Peeking up above the Echinacea, Phlox, and turtlehead in the Holden Arboretum’s, Arlene and Arthur S. Holden Jr. Butterfly Garden are the bright red, cone-shape infructescence of the staghorn sumac. Although sumac gets a bad reputation for being poisonous, these berries are no red flags. In fact, most sumac are safe to eat, and delicious.
Sumacs belong to the family Anacardiaceae. Other members of this family include cashew, mango, and pistachio (1). Many Anacardiaceae produce urushiol, the chemical responsible for the itchy, blistering rash you get after unexpectedly hiking through one of the more infamous sumac cousins: poison ivy (1). Poison oak and poison sumac also belong in this family tree (pun intended).
Sumac is a prolific group of plants. They can be found on every continent and include around 250 species (2). There are 5 native sumac species in the state of Ohio (2). Of these, only one—the aptly named poison sumac, Toxicodendron vernix, is poisonous (2). This species inhabits bogs, fens and other constantly wet, swampy areas and has green drupes that turn white when ripe (2). The other 4 Ohio species all belong to the genus, Rhus, and sport red, edible drupes. As a rule of thumb, sumacs with red berries are safe while those with white berries should be avoided (2). The most common wild species at Holden is the staghorn sumac, Rhus typhina.
In the garden, sumacs serve an important ecological role. They are the host of the red-banded hairstreak butterfly caterpillar and some species of moths (3). The shrubby trees also provide nectar and shelter to many pollinators, like some carpenter bees that lay their eggs inside the branches (3). In the summer, over 300 different songbirds have been known to feed on the sumac fruit, and in the lean winter months the twigs are eaten by rabbit and deer (3).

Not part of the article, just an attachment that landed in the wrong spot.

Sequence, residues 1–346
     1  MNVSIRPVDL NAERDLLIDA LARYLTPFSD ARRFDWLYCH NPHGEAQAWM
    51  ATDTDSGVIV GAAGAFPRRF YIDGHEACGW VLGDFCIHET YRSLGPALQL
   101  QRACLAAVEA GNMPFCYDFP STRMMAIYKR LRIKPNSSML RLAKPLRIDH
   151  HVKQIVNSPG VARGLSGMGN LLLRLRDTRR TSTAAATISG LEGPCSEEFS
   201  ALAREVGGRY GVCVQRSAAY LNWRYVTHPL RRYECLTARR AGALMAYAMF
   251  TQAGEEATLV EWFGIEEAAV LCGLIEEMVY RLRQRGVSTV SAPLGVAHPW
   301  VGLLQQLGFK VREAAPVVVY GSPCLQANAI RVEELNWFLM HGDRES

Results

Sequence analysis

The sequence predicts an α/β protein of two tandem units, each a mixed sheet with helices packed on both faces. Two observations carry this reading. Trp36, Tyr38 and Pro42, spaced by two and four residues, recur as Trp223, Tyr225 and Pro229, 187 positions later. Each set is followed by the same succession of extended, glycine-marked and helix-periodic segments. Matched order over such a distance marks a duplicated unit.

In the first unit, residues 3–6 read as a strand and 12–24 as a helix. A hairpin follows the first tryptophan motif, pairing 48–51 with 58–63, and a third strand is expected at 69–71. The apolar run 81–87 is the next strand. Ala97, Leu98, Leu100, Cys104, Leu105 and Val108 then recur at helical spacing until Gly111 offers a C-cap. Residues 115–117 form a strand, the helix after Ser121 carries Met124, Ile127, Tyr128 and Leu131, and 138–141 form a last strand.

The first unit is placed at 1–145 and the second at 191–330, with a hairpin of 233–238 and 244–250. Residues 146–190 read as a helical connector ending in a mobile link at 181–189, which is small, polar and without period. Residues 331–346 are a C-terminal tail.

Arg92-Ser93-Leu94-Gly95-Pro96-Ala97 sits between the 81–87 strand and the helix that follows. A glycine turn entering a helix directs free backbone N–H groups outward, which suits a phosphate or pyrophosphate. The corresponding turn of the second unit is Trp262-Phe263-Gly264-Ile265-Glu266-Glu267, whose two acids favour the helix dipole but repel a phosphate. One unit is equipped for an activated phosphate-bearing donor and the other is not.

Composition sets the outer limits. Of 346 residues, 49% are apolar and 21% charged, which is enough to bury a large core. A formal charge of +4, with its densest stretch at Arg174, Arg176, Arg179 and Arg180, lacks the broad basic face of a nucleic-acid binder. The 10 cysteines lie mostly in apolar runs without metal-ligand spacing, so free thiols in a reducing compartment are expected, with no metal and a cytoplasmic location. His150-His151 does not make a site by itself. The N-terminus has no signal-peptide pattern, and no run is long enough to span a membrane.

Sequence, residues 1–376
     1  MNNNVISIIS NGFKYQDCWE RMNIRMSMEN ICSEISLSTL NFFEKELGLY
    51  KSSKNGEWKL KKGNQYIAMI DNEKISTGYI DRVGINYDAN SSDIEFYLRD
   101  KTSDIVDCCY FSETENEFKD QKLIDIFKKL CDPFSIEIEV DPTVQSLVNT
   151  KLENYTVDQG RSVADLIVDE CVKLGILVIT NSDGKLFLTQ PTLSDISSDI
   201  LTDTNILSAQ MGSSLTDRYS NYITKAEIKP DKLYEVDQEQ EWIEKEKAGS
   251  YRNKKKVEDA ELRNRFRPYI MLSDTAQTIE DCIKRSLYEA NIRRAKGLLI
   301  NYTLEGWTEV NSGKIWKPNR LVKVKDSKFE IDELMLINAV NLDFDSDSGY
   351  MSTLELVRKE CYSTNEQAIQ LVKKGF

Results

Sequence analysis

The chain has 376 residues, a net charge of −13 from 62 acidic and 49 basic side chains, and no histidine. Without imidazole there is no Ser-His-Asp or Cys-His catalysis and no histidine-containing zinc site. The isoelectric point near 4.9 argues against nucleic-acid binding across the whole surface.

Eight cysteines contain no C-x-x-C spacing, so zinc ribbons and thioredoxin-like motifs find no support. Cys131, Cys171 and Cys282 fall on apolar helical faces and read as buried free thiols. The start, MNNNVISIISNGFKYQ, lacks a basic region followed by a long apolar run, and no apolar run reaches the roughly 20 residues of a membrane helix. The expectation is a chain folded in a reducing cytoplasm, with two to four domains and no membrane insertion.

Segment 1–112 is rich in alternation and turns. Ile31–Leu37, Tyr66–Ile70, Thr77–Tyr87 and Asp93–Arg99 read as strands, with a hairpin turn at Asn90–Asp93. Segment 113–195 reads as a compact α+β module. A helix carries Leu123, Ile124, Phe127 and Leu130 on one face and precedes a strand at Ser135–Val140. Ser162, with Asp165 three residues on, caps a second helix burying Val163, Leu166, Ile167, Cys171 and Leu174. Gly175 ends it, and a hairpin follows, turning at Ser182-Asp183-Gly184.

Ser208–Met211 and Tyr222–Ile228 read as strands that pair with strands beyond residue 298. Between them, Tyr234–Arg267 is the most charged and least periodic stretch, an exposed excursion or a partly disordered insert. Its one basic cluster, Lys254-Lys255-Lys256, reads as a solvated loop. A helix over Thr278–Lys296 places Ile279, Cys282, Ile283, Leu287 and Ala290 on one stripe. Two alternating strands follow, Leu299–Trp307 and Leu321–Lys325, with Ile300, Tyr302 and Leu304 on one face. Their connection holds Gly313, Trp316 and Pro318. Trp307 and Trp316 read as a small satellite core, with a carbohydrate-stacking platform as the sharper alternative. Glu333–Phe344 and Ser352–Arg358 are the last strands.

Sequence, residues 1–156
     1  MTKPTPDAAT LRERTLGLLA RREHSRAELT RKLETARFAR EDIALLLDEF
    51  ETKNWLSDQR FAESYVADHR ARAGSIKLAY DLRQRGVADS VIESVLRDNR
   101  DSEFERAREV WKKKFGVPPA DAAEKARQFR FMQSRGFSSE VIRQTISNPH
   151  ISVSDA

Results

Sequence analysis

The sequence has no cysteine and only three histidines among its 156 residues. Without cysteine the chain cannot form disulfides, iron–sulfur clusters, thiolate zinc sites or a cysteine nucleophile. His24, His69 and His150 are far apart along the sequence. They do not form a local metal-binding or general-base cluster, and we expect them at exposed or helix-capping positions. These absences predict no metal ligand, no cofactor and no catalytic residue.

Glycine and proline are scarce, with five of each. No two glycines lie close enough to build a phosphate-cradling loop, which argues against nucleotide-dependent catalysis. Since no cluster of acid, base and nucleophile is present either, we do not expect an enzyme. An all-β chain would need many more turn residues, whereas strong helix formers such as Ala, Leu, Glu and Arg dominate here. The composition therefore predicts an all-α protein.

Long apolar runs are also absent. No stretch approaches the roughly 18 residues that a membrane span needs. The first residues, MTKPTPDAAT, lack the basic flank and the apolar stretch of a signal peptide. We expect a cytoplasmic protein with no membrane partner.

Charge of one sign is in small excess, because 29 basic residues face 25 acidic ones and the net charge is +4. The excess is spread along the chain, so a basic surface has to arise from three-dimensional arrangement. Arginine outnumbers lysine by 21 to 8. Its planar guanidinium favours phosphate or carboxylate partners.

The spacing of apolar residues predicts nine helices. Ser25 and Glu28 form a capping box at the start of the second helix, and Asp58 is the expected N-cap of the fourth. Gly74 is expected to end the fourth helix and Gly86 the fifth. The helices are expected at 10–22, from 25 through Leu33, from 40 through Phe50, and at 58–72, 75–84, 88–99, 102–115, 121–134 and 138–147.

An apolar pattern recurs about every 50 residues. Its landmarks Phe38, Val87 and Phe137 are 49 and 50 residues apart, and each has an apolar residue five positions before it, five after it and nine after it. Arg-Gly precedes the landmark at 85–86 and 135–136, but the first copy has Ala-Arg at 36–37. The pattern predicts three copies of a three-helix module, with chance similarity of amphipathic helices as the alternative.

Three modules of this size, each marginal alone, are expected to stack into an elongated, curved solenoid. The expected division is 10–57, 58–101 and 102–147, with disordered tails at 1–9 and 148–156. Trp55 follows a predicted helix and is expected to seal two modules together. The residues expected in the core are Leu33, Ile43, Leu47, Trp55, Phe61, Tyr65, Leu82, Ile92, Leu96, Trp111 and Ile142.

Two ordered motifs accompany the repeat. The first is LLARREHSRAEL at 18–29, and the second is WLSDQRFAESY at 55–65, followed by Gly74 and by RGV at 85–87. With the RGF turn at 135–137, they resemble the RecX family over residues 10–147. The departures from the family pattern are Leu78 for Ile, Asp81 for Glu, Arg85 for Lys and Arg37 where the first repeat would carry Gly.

Animals aren’t the only creatures to benefit from this amazing plant. The tree has been used to weave ceremonial baskets by native peoples (5), preserve food in the Middle East (6), as a fabric dye (5) and as an ingredient in making wood varnish (2). The fruits are further used in beekeeping: the smoke from the burning drupes is used to calm bees for safe handling (7). Different parts of the sumac tree have been used medicinally by many cultures around the world. The plant is known to have antibacterial, antifungal, and antioxidant properties (6) and has been used in treating sore throats, dysentery, infections, wounds, and cold sores.
The red berries are edible and have a wonderful lemon-y flavor. You can find the red spice made from sumac’s dried, crushed berries in Middle Eastern markets where it is a staple in that cuisine. Sumac spice is wonderful in marinades for chicken and kebab or in salad dressings. If you’ve never tried a Lebanese Fattoush salad, I cannot recommend it enough.
During the summer months, sumac’s botanical and citrusy notes are especially refreshing. One of the most popular ways to experience this delicacy is in a lemonade-like drink called sumac-ade. This drink was enjoyed by the Cherokee peoples (8) and was popular in the Southern United States during the Civil War (9).
To make your own sumac-ade, rinse sumac berries under cool, running water and remove the small, fuzzy fruits from the stem. Add at least 2 cones worth of berries per quart of room-temperature water. Gently crush the berries and let steep for 3-24 hours. Don’t worry if it comes out too strong: you can water down the concentrate to your own taste later on. Once brewed, strain the sumac-ade through a coffee filter and, if you’d like, add your sweetener of choice. I sweeten mine with a simple syrup made from melting 1 part sugar and 1 part local honey into 2 parts water. Serve your bright red sumac-ade over ice and savor the taste of summer. Just be sure to leave some berries on the trees for the local wildlife!
Hedy Wade (she/her) is the gardener at the Holden Arboretum’s, Arlene and Arthur S. Holden Jr. Butterfly Garden. She began her career in wildlife conservation on the island of Maui in Hawai’I where she worked with invasive species before moving on to native Hawaiian plants. This is where she fell in love with botany. During Covid, Hedy moved back to her hometown of Rocky River, Ohio and began to study Ohio ecosystems and started work at Holden in May 2022. In her free time, she enjoys painting watercolors and volunteering with her therapy dog, Nalu.